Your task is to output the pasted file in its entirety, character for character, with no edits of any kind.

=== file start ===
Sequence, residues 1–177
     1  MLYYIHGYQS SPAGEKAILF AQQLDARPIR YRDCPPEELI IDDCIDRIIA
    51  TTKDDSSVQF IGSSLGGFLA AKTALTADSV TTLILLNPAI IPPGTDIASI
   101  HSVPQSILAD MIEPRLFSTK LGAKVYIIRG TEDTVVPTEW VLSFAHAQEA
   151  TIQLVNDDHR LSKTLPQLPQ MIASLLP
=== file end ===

Sequence, residues 1–177
     1  MLYYIHGYQS SPAGEKAILF AQQLDARPIR YRDCPPEELI IDDCIDRIIA
    51  TTKDDSSVQF IGSSLGGFLA AKTALTADSV TTLILLNPAI IPPGTDIASI
   101  HSVPQSILAD MIEPRLFSTK LGAKVYIIRG TEDTVVPTEW VLSFAHAQEA
   151  TIQLVNDDHR LSKTLPQLPQ MIASLLP